I have a video I made in Premiere Pro that is like slides with 150MB audio. How can I export it to a reasonable size?

When I try to export it, it exports to a size of 7GB

I could perhaps do something with some other software to make it smaller, but i'm wondering if premiere pro has any option?

If not then what do you suggest I can do to other software to make it smaller?

The video portion is just slides showing text, and the slides some change after 5 seconds near the start, then every 5 minutes or so.

3 Answers 3


I've seen this question asked a few times here, see Best export settings for still image with audio and also Upload edited video to YouTube - I suspect it has been asked other times as well.

Most of the end-user / commercially available encoders require a "broadcast" standard frame rate (25fps/30fps/etc), and the outputting of all those frames ramps up the file size. Some online services seem to be using variable frame rate (VFR) encoders (see Facebook, referenced in the "edited video to YouTube" link above), which just encode the still frames each time they change (sometimes with minutes between each new frame), and drastically reduce the file sizes. If anyone knows of such an encoder being available to the general public, that is the answer to all of these questions - I'm yet to find one.

Without a VFR encoder, you're stuck with one of the generally available codecs like H.264, where all you can really do is just push the compression as hard as you can before the image turns to rubbish, but you're still going to get quite large files out of it.


You probably chose

            File → Export → Movie

It exported your video as an AVI file, creating the best quality video, but the output file is very large.

(This a little confusing option is for mastering purposes, or if you want to be able to edit the resulting video again without the quality lost.)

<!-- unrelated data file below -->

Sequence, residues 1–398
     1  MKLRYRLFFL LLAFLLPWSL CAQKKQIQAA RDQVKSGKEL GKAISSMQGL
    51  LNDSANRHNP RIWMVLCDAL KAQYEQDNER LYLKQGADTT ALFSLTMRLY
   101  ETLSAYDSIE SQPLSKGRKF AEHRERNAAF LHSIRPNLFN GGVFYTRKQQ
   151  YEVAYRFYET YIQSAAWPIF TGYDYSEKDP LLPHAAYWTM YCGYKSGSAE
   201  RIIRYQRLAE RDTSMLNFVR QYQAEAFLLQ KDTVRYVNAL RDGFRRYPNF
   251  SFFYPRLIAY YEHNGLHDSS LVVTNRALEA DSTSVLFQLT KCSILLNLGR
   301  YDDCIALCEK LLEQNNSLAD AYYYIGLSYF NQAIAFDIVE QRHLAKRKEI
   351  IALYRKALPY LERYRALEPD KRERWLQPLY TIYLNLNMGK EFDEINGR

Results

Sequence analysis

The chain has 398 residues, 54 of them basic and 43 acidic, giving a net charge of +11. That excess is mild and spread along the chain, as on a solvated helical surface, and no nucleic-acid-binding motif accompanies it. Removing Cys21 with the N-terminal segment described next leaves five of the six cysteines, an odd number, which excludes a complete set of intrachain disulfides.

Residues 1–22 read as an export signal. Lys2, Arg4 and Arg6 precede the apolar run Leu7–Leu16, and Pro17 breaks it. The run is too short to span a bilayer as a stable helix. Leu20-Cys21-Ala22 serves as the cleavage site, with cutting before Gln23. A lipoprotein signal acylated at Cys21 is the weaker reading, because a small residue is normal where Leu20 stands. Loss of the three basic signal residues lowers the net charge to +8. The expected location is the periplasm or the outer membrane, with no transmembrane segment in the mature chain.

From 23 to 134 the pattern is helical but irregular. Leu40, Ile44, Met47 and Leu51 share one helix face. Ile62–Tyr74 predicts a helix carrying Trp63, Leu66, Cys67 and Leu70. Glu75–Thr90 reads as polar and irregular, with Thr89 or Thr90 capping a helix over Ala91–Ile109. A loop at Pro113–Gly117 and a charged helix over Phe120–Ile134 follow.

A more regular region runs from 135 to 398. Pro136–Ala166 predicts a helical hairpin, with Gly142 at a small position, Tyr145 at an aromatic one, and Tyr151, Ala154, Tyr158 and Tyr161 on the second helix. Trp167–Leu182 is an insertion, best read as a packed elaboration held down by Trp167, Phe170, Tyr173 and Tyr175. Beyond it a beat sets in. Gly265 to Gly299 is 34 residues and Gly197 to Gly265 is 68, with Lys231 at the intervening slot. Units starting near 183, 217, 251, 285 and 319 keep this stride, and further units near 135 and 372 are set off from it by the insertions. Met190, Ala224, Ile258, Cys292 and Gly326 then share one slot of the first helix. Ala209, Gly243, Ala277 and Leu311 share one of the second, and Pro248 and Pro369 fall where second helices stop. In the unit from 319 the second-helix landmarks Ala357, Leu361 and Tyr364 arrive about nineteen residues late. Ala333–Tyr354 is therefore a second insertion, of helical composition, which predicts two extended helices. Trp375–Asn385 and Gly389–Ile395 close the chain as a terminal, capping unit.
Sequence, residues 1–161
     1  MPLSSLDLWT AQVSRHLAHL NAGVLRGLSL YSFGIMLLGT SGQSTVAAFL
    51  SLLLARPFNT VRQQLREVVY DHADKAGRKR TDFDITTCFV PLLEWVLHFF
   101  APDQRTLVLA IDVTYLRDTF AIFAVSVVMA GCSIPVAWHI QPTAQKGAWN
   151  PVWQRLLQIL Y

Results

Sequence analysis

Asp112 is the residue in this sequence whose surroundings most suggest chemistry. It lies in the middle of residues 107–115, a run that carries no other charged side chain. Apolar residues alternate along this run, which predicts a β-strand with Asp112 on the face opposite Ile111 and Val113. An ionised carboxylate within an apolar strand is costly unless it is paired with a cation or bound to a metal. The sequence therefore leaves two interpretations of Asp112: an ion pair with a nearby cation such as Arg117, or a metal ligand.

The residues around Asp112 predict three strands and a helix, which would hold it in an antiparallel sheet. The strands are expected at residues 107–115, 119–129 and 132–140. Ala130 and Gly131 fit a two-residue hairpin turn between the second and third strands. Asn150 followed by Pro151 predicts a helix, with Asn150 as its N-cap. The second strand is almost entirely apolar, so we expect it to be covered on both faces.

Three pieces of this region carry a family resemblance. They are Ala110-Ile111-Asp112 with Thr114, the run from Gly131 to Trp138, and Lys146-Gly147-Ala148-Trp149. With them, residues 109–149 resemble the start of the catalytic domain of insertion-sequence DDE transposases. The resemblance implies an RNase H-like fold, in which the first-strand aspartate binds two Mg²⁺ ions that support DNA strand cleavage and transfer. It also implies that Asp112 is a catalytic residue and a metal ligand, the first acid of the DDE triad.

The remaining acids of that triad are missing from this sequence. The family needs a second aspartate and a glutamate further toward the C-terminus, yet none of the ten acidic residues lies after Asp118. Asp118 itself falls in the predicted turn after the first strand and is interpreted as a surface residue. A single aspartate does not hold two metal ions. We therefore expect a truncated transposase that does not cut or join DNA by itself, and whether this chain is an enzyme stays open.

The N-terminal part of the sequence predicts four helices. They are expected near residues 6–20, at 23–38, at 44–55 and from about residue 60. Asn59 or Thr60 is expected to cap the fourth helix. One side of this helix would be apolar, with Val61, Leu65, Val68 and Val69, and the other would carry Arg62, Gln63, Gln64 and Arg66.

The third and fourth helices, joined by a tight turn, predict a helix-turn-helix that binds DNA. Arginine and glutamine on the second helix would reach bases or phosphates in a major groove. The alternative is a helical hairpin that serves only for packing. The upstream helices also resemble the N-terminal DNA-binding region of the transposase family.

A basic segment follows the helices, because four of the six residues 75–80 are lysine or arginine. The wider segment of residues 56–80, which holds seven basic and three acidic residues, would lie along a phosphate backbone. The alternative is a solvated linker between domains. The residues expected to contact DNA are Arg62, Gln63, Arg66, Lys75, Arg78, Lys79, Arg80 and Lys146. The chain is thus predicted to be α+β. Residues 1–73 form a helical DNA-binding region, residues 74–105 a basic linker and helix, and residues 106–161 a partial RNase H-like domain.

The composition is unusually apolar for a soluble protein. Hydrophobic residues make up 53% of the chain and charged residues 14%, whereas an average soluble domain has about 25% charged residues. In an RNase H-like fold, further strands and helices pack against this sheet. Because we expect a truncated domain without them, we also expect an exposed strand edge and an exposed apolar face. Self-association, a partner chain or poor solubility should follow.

File → Export → Adobe Media Encoder


The “Export Settings” window opens, and you may choose a format from the drop-down menu at the top right of the window.

You can export it as Flash, Windows Media, Real Media, QuickTime, and a variety of MPEG formats including Blu-ray and H.264.

These options give more compressed, much smaller file size.


Without knowing either the resolution or the duration of the video is hard to know if that is a good file size or not. But in any case, you need to define a CODEC and a container for your video. And define the resolution of the project.

A typical one is FULL HD (1920x1080px) and the most used container is Mp4 with an h264 and ACC codecs for video and audio.

You could totally lower your framerate to even 1 pers second if you have direct cuts in between slides, but if the video has transitions between the slides you can not. Use 24Fps.

Of course, you already did your work, next time you can actually do it in a presentation program, and export it from there.

  • of course it's not a good file size, the audio is 150MB or so. Some slides shouldn't make it 7GB. There are no transitions, as I said, it's just slides/images and of text. Re changing frame rate, I understand that option would be under "interpret footage" but that option is greyed out i.imgur.com/hCpPRwG.png
    – barlop
    Jan 2, 2020 at 20:12

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